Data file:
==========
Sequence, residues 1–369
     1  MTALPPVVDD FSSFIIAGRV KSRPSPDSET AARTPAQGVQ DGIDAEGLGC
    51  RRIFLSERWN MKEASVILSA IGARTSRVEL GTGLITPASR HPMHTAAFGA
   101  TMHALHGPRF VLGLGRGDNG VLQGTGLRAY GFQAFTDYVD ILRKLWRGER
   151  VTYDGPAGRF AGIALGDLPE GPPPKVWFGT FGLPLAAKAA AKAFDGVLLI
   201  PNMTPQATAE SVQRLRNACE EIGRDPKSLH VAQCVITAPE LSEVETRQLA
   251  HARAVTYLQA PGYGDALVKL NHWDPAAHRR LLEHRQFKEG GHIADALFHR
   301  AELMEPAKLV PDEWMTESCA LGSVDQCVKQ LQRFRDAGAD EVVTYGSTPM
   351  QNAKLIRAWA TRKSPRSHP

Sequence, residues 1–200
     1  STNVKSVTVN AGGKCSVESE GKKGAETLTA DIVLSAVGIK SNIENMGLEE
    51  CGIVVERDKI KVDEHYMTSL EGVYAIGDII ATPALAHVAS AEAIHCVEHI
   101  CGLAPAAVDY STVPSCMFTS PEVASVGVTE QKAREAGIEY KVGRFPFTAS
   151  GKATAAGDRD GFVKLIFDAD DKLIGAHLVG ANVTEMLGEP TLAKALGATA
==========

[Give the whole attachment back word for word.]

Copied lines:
Sequence, residues 1–369
     1  MTALPPVVDD FSSFIIAGRV KSRPSPDSET AARTPAQGVQ DGIDAEGLGC
    51  RRIFLSERWN MKEASVILSA IGARTSRVEL GTGLITPASR HPMHTAAFGA
   101  TMHALHGPRF VLGLGRGDNG VLQGTGLRAY GFQAFTDYVD ILRKLWRGER
   151  VTYDGPAGRF AGIALGDLPE GPPPKVWFGT FGLPLAAKAA AKAFDGVLLI
   201  PNMTPQATAE SVQRLRNACE EIGRDPKSLH VAQCVITAPE LSEVETRQLA
   251  HARAVTYLQA PGYGDALVKL NHWDPAAHRR LLEHRQFKEG GHIADALFHR
   301  AELMEPAKLV PDEWMTESCA LGSVDQCVKQ LQRFRDAGAD EVVTYGSTPM
   351  QNAKLIRAWA TRKSPRSHP

Sequence, residues 1–200
     1  STNVKSVTVN AGGKCSVESE GKKGAETLTA DIVLSAVGIK SNIENMGLEE
    51  CGIVVERDKI KVDEHYMTSL EGVYAIGDII ATPALAHVAS AEAIHCVEHI
   101  CGLAPAAVDY STVPSCMFTS PEVASVGVTE QKAREAGIEY KVGRFPFTAS
   151  GKATAAGDRD GFVKLIFDAD DKLIGAHLVG ANVTEMLGEP TLAKALGATA